In 1354, when Fa Ngum founded the kingdom of Lan Xang. 223 Vientiane became an important administrative city, even though it was not made the capital. King Setthathirath officially established it as the capital of Lan Xang in 1563, to avoid Burmese invasion. When Lan Xang fell apart in 1707, it became an independent Kingdom of Vientiane. In 1779, it was conquered by the Siamese general Phraya Chakri and made a vassal of Siam.:
When King Anouvong raised an unsuccessful rebellion, it was obliterated by Siamese armies in 1827. The city was burned to the ground and was looted of nearly all Laotian artifacts, including Buddha statues and people. Vientiane was in great disrepair, depopulated and disappearing into the forest, when the French arrived. It eventually passed to French rule in 1893. It became the capital of the French protectorate of Laos in 1899. The French rebuilt the city and rebuilt or repaired Buddhist temples such as Pha That Luang, Haw Phra Kaew, and left many colonial buildings behind. During French rule, the Vietnamese were encouraged to migrate to Laos, which resulted in 53% of the population of Vientiane being Vietnamese in the year of 1943.As late as 1945, the French drew up an ambitious plan to move massive Vietnamese population to three key areas, i.e. the Vientiane Plain, Savannakhet region, Bolaven Plateau, which was only discarded by Japanese invasion of Indochina. If this plan had been implemented, according to Martin Stuart-Fox, the Lao might well have lost control over their own country.
During World War II, Vientiane fell with little resistance and was occupied by Japanese forces, under the command of Sako Masanori.On 9 March 1945 French paratroopers arrived, and reoccupied the city on 24 April 1945.
As the Laotian Civil War broke out between the Royal Lao Government and the Pathet Lao, Vientiane became unstable. In August 1960, Kong Le seized the capital and insisted that Souvanna Phouma become prime minister. In mid-December, Phoumi Nosavan then seized the capital, overthrew the Phouma Government, and installed Boun Oum as prime minister. In mid-1975, Pathet Lao troops moved towards the city and Americans began evacuating the capital. On 23 August 1975, a contingent of 50 Pathet Lao women symbolically liberated the city.On 2 December 1975, the communist party of the Pathet Lao took over Vientiane, defeated the Kingdom of Laos, and renamed the country the Lao People's Democratic Republic, which ended the Laotian Civil War. The next day, an Insurgency in Laos began in the jungle, with the Pathet Lao fighting factions of Hmong and royalists.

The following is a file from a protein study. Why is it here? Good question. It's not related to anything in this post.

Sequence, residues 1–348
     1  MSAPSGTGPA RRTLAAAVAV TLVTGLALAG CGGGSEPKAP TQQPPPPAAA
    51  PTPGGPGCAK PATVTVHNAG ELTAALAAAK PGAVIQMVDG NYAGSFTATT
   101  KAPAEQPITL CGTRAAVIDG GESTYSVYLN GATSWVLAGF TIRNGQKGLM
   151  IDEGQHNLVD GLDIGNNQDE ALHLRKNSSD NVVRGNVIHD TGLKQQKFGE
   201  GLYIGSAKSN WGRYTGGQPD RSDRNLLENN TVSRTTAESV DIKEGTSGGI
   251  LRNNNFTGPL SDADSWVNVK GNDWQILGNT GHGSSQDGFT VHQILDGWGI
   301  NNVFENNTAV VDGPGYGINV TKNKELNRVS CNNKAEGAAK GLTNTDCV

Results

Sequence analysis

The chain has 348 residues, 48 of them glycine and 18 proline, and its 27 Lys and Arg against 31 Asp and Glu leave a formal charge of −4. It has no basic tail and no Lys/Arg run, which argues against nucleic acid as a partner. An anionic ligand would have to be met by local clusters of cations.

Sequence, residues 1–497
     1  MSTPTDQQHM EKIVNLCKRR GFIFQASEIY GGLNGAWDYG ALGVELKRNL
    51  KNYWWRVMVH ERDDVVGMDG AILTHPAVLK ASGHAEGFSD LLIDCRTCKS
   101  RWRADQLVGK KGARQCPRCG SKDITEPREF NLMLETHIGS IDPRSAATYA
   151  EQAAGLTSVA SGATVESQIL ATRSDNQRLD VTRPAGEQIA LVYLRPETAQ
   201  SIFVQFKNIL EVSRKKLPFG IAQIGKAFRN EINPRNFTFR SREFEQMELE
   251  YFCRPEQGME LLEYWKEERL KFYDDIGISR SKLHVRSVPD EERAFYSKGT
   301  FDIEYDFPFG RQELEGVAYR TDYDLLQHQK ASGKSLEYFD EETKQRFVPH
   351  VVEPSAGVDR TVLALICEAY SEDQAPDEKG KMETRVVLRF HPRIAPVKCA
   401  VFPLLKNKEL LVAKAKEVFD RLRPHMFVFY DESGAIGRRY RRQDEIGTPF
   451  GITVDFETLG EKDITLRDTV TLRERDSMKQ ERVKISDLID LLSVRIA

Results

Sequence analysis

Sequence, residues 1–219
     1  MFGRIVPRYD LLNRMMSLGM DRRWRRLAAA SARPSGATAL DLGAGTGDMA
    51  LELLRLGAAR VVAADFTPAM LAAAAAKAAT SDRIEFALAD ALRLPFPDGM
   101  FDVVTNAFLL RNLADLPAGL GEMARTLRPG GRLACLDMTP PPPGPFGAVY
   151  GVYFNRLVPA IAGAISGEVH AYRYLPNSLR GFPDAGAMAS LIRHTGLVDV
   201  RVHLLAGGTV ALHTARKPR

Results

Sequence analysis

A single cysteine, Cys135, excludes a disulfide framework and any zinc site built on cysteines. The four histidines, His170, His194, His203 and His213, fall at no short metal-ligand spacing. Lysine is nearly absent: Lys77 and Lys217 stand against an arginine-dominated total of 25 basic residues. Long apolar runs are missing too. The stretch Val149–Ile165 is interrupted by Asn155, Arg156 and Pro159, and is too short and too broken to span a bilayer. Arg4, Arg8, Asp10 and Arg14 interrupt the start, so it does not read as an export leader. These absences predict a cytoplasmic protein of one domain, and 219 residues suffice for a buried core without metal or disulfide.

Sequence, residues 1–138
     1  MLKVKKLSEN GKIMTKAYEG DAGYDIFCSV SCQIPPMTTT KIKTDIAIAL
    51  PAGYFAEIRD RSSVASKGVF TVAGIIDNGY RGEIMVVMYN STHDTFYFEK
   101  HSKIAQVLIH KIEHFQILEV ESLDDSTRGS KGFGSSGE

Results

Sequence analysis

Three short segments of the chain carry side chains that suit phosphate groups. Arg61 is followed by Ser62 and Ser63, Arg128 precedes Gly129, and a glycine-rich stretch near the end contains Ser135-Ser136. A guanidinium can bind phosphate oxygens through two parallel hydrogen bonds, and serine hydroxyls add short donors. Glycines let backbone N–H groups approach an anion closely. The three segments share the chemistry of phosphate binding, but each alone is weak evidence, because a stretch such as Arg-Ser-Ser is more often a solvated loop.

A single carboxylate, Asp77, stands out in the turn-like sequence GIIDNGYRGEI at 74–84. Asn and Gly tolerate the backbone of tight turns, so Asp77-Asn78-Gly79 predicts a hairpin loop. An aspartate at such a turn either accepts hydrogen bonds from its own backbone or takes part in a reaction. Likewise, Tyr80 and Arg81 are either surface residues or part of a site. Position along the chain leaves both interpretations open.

Vientiane was the host of the incident-free 2009 Southeast Asian Games. Eighteen competitions were dropped from the previous games held in Thailand, due to Laos' landlocked borders and the lack of adequate facilities in Vientiane.
Vientiane is on a bend of the Mekong River, at which point it forms the border with Thailand.
Vientiane features a tropical savanna climate (Köppen Aw) with a distinct wet season and a dry season. Vientiane's dry season spans from November through March. April marks the onset of the wet season which in Vientiane lasts about seven months. Vientiane tends to be hot and humid throughout the course of the year, though temperatures in the city tend to be somewhat cooler during the dry season than the wet season.
|Climate data for Vientiane|
|Record high °C (°F)||35.6|
|Average high °C (°F)||28.4|
|Average low °C (°F)||16.4|
|Record low °C (°F)||0.0|
|Average rainfall mm (inches)||7.5|
|Average rainy days||1||2||4||8||15||18||20||21||17||9||2||1||118|
|Average relative humidity (%)||70||68||66||69||78||82||82||84||83||78||72||70||75|
|Mean monthly sunshine hours||254.4||214.3||216.8||226.3||207.1||152.9||148.6||137.1||137.7||247.7||234.3||257.5||2,434.7|